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March 8, 2017IM -
Stann Champion of Local 10-208 (Chicago, IL) has dominated Chicago’s vibrant Caribbean music scene for 30 years. His band, Roots Rock Society (RRS), has cultivated a wider community audience by redefining the performance venue and connecting with people where they live—in schools, cultural centers, colleges, churches, and sports venues. Champion says, “We are a movement committed especially to reaching young people of all cultures with our message of mutual respect for one another and learning through music.”
“This music chose me back in 1978,” says Champion. He was recruited in 1980 by the reggae band, Gypsi Fari, for a recording project at Bob Marley’s Tuff Gong studios in Jamaica. Champion explains, “At the time, very few Chicago musicians could play reggae and other island rhythms.”
As a child, Champion was already exposed to a rich collection of American and island roots music. “We grew up in a black cultural environment listening to a wide range of artists like Miles Davis, Harry Belafonte, Mariam Makeba, Trini Lopez, and Ray Charles,” he says. “I started playing guitar and listening to B.B. King and rumba and flamenco.”
Champion got his first guitar at 13 years old and studied the sounds of Chuck Berry, Wes Montgomery, Albert King, The Beatles, and Bo Diddley. “The first song I learned was blues. I wanted to learn anything on a six-string,” he says. A gifted child, he attended the art education program at The Art Institute of Chicago from 10 years old through high school. And during his tenure at Columbia College Chicago, art was his focus.
“In my home, it was important I finish college, since I was the first in my family to do so. But I still maintained my passion for the guitar and continued to play,” he says. Champion was on a path bound for a career in commercial art. After a trip to the Caribbean where he experienced roots music in its most authentic form, he returned to Chicago with a different mindset. He says, “I could have continued on to a ‘Madison Avenue’ type of advertising career, but I chose to use my talents, my drive to create and advance positive change for the greater community around me.” For Champion the decision paid off.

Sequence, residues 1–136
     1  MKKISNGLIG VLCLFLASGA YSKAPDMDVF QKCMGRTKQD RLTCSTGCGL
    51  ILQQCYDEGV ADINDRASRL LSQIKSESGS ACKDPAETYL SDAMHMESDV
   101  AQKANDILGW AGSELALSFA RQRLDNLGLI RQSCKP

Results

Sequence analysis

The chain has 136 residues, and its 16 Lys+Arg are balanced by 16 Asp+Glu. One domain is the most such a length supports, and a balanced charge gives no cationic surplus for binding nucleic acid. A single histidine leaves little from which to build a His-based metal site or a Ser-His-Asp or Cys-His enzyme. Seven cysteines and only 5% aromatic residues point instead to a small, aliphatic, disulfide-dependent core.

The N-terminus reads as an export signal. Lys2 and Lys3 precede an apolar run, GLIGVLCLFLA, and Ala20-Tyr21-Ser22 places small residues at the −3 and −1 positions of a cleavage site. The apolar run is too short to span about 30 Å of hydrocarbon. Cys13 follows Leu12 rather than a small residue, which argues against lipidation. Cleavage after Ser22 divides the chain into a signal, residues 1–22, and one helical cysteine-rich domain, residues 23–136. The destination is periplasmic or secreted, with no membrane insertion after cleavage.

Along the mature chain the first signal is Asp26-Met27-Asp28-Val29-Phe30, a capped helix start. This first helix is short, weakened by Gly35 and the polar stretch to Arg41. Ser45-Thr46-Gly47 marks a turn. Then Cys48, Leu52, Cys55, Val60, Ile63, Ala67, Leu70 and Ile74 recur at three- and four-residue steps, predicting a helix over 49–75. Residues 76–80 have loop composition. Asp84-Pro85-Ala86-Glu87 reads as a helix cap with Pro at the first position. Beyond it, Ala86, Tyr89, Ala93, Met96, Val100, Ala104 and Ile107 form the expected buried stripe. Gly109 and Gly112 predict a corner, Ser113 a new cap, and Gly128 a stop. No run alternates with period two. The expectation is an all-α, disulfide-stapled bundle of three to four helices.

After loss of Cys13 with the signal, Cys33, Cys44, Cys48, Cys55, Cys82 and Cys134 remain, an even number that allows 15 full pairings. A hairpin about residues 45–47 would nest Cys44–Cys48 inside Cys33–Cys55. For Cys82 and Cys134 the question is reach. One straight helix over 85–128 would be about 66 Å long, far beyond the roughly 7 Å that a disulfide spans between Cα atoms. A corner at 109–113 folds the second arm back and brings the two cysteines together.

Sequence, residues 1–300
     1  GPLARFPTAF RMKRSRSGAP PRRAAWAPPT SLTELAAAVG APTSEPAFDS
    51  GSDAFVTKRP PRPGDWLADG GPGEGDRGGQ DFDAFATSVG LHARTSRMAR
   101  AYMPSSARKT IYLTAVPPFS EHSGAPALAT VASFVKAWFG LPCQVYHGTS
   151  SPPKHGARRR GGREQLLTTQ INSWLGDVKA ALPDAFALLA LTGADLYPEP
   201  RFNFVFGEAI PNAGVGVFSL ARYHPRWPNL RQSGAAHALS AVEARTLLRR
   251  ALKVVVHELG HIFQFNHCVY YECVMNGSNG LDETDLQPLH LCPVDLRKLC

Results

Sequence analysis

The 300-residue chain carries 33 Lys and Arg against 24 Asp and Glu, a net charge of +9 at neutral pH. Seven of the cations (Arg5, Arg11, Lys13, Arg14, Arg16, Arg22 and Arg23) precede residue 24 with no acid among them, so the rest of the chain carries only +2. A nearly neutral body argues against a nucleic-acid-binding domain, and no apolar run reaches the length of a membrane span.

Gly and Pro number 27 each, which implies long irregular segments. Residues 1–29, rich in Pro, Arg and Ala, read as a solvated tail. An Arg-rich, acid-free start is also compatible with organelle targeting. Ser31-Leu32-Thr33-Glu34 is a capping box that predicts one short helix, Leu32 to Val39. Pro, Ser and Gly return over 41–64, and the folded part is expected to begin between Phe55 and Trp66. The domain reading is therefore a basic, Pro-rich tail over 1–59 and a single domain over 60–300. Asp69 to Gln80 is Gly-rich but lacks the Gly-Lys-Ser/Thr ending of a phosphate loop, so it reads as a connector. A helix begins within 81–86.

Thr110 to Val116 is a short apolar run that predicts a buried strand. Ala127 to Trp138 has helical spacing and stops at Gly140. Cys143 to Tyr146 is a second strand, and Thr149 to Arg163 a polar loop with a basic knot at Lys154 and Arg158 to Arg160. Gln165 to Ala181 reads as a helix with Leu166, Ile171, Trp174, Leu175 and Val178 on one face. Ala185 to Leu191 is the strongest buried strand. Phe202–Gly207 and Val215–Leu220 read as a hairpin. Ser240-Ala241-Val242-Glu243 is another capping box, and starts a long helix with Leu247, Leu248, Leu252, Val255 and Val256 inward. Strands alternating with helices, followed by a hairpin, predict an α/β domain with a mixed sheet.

He formed Roots Rock Society in 1986 and they began touring with top-flight reggae bands such as Steel Pulse, Third World, Culture, Burning Spear, and Gil Scott-Heron. Along with the traditional reggae fare, the group performs calypso, samba, soul, and zouk. Champion explores writing songs in Swahili, Amharic (the official language of Ethiopia), French, and Spanish.
In the tradition of Jamaican activist Marcus Garvey and his movement, Champion, who has been a member of the union for 15 years, says this is his life’s work. “It’s about uplifting our community with culture, knowledge, and reaching one’s goals—which were not part of life as a slave. I find this same hunger in all communities. It is my duty to use my gift in a positive manner,” he explains.
He and his band are deeply committed to issues of peace and social justice. Champion, who also hosts a radio show says, “We work in schools, hospitals, churches, and community events. It’s all about compassion and tolerance, messages passed along from the African diaspora.” Each summer, he spends time working on Chicago’s south side, where campers learn the roots of instruments, storytelling, and songwriting. The band conducts education workshops throughout the community to promote awareness of hunger and homelessness, and Champion runs a weekly workshop, CampChamp, at Arthur Ashe Elementary.
Among his numerous awards, Champion has been honored by Chicago Police Department and the Chicago Music Awards a dozen times, including Best Calypso and Soul Calypso Entertainer, Best Gospel/Spiritual Band, and last summer he was given a Lifetime Achievement Award for his contributions to the music industry and to the community.